12. Like
    aaditya reacted to balbes150 in RockPi4B - No audio from 3.5mm Jack   
    I added everything you used to DTS a long time ago, but the sound didn't work for me (due to the lack of settings for alsa), I thought my DTS settings weren't correct. I'm wondering how you found (defined) these parameters ? 
  13. Like
    aaditya reacted to balbes150 in Build Armbian with Panfrost   
    Strangely, when you build mesa-20, everything goes correctly, but after installing mesa, the old mesa-19 remains. Something changed in the rules, how do I install the new version ? Previously, the instruction worked correctly and mesa started using Panfrost. By the way, installation from repositories of the latest mesa-20 also does not use Panfrost.
  14. Like
    aaditya got a reaction from Werner in Build Armbian with Panfrost   
    Thanks for the instructions @NicoD!
    I modified the mesa build options to enable egl:
    meson -D egl=true -D gles1=true -D gles2=true -D shared-glapi=true -Ddri-drivers= -Dvulkan-drivers= -Dgallium-drivers=panfrost,kmsro -Dlibunwind=false -Dprefix=/usr build/  
    With egl one can compile and run git version of supertuxkart.
  15. Like
    aaditya reacted to SteeMan in Infrastructure needed for releasing new kernels for Armbian for TV Boxes   
    Are you willing to take on this task and do this work?  I would say it is clear that the current maintainers here do not see this as a good investment of their time.  This is open source, and the best way to get something you need in open source is to step up and do the work and then contribute it back to the community.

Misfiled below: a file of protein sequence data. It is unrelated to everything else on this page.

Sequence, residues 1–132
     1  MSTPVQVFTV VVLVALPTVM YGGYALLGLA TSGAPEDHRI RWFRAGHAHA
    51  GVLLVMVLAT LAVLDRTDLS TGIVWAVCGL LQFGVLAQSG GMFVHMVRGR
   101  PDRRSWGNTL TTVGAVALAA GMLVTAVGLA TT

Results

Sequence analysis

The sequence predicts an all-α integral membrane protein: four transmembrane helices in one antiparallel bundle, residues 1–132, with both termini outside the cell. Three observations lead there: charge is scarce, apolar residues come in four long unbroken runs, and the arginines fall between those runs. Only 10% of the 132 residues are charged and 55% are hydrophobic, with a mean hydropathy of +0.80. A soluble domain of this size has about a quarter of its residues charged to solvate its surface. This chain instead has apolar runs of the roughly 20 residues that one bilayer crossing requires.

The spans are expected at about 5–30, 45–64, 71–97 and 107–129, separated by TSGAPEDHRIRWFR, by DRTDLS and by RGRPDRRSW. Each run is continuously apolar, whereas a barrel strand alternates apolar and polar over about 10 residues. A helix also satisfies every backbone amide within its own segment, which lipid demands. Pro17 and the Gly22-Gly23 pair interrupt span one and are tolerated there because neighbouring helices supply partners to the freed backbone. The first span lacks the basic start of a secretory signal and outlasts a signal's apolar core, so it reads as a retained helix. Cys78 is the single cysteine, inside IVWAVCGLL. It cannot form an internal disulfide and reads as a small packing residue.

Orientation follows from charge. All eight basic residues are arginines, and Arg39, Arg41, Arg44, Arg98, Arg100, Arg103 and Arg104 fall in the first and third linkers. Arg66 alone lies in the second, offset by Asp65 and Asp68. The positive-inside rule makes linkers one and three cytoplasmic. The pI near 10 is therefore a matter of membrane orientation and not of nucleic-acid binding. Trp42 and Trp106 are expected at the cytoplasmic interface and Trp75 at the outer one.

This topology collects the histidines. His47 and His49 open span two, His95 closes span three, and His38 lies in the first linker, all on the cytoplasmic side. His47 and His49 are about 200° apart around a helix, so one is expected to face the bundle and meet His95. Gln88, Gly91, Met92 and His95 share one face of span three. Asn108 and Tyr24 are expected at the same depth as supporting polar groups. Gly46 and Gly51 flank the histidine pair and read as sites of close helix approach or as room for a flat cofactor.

A couple of additional thoughts on your request:
    1) From what I have observed and know of the state of android on these TV boxes is that the dtb's from android are fairly worthless in helping getting things working under mainline kernels with armbian.  Everyone assumes this is not the case, but I haven't seen anything to indicate otherwise.  The gulf between ancient android based kernels and drivers (without source code in most cases) and modern mainline kernels is vast.
    2) You are making an assumption that "pushing adoption" is a good thing.  The way things currently stand, there are not sufficient people on these forums with the desire and knowledge to provide end user support for the existing new users much less a larger quantity of new users in the future.  What is needed now is people willing to answer the basic questions that new users post here, and to work on high quality documentation and tutorials (and maintain them as things change), so that the core developers can be relieved of the burden of providing this information so that they can spend more time moving the project forward.